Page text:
Who’s Who: Clare Taylor

Who are you and what do you do at the OU? What modules are you involved in/have been involved in?

I’m Clare Taylor, a Senior Lecturer in the Art History Department. I have been involved in Undergraduate and Postgraduate modules in Arts & Humanities and Art History from level 1 interdisciplinary modules, to Levels 2 and 3, and to our MA where I contributed teaching on studying interiors and on a mid-20th century pattern designer, Enid Marx. At present I am leading on Art History’s contribution to a new Level 1 module, Cultures (A112).

What are your main research areas?

I work on the historic interior, and particularly on the unsung contributions made by decorators and tradesmen to how our homes look. I’ve recently focused on eighteenth-century wallpaper made in Britain, China and France and those who made it, sold it and hung it but I am also interested in other areas such as textiles and leather hangings. I’ve recently received a Mellon Fellowship for the project, Gilt Leather Rooms: Decorating with Leather Hangings in Britain, c.1600–c.1800.

What Open Arts Objects films have you done? Are they related to your research or a module?

I’ve made two, and both are related to my research. One film is about a seemingly ordinary length of 1960s wallpaper and how it can become a powerful visual memory, as well as explaining how wallpaper can turn trends in fine art into mass market products. The second film is on Yinka Shonibare’s Nelson’s Ship in a Bottle, where I explore how this contemporary artist uses textiles to re-examine narratives of colonial expansion and maritime trade which are at the heart of British identity, turning the viewer’s gaze towards a different kind of colonial journey.

I also wrote a ‘Travelling Object‘ piece for the OpenLearn unit to support the OU’s co-production with the BBC, Civilisations. It is about an object made in London where products from China, India and Britain meet- a bed made for an eighteenth-century theatrical couple, the Garricks- since on A344 I wrote teaching on Chinoiserie in 18th century Britain,  including discussing Eva Garrick’s own Chinese silk robe.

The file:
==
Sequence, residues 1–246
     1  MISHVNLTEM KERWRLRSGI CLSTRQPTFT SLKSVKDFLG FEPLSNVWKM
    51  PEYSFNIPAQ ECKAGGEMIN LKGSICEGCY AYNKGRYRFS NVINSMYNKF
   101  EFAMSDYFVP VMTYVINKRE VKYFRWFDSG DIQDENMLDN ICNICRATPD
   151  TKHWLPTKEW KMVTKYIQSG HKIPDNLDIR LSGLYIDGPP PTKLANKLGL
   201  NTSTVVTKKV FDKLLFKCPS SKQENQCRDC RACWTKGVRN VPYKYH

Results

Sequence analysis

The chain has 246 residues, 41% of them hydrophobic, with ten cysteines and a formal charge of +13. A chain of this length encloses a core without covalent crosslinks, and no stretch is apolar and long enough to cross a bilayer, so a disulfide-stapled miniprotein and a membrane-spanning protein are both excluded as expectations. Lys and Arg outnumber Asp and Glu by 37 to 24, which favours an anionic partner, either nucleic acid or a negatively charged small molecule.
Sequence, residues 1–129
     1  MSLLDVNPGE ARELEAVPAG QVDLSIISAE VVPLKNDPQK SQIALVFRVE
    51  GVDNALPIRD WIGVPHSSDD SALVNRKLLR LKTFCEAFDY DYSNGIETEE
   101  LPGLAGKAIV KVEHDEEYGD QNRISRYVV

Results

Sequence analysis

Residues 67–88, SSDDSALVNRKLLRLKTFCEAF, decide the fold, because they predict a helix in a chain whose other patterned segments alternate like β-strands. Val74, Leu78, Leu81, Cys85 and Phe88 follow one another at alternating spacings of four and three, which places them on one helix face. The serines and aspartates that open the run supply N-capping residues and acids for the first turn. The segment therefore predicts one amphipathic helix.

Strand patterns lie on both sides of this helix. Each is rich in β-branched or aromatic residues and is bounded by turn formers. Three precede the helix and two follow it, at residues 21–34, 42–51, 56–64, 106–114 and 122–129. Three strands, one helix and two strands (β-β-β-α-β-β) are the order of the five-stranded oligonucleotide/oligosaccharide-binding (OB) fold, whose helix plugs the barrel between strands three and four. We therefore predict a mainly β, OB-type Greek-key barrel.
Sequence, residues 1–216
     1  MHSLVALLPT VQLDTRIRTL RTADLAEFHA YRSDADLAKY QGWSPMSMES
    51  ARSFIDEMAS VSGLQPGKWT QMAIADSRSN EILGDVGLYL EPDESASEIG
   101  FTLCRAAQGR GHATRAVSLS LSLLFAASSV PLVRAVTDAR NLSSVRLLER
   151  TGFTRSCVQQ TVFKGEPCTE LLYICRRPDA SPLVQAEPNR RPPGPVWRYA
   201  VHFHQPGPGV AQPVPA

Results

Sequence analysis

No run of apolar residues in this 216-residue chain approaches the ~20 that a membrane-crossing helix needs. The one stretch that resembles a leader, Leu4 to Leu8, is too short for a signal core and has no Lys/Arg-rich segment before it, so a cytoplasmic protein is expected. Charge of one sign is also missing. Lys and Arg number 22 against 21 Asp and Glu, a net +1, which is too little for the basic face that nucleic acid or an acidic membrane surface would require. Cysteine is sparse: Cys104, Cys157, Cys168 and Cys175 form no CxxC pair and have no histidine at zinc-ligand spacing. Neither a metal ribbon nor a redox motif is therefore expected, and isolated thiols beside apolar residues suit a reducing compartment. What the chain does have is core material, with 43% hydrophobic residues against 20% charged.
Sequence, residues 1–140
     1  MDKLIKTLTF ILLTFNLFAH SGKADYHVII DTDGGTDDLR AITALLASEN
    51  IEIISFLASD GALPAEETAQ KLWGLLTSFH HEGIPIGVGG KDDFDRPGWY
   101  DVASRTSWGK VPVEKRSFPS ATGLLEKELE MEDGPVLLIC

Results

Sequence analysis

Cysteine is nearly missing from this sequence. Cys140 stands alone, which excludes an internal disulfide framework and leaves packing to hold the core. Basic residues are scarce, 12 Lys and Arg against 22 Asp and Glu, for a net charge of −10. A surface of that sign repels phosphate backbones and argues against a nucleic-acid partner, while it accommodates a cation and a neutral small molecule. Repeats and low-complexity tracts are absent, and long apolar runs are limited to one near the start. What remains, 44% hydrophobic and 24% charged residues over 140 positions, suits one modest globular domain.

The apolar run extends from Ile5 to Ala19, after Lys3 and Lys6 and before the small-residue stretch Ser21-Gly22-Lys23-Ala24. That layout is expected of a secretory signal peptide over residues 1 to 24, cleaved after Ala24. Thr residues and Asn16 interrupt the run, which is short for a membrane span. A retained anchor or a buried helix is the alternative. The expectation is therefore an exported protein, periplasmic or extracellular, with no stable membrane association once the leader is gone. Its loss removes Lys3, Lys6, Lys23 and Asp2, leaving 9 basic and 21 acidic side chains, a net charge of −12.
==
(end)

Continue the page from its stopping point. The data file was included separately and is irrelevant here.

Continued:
What did you love most about doing an Open Arts Objects film?

I loved showing everyone the wallpaper, as it belonged to a member of my family- a real personal connection!

What is your most significant publication or latest publication? How does it relate to the films?

Definitely my first full  length monograph, which, although it’s on eighteenth-century wallpaper, also relates to how wallpaper has been seen through time. It’s often been ignored as a component of the interior, so my aim has been to pull it out into the foreground alongside textiles and furniture, and allow it to be considered as a key driver in taste.


What got you interested in Art History? a fun fact?

I did my Undergraduate Degree in Modern History, but really wanted to work with art. So, after my BA, I did a postgraduate course in Art Gallery and Museum Studies. This led to a career as a Curator and it was looking after artworks, researching them and above all sharing stories about them with visitors that led me into Art History.

A fun fact is I’m really a frustrated flower arranger. Christmas decorations are big in my house, and each year I make door wreaths for close friends and family using stuff I’ve gathered and materials from my hoard of decorations. So I enjoy the process of design and making as well as writing about it.

For more information about my publications and research interests, please see my OU people profile.

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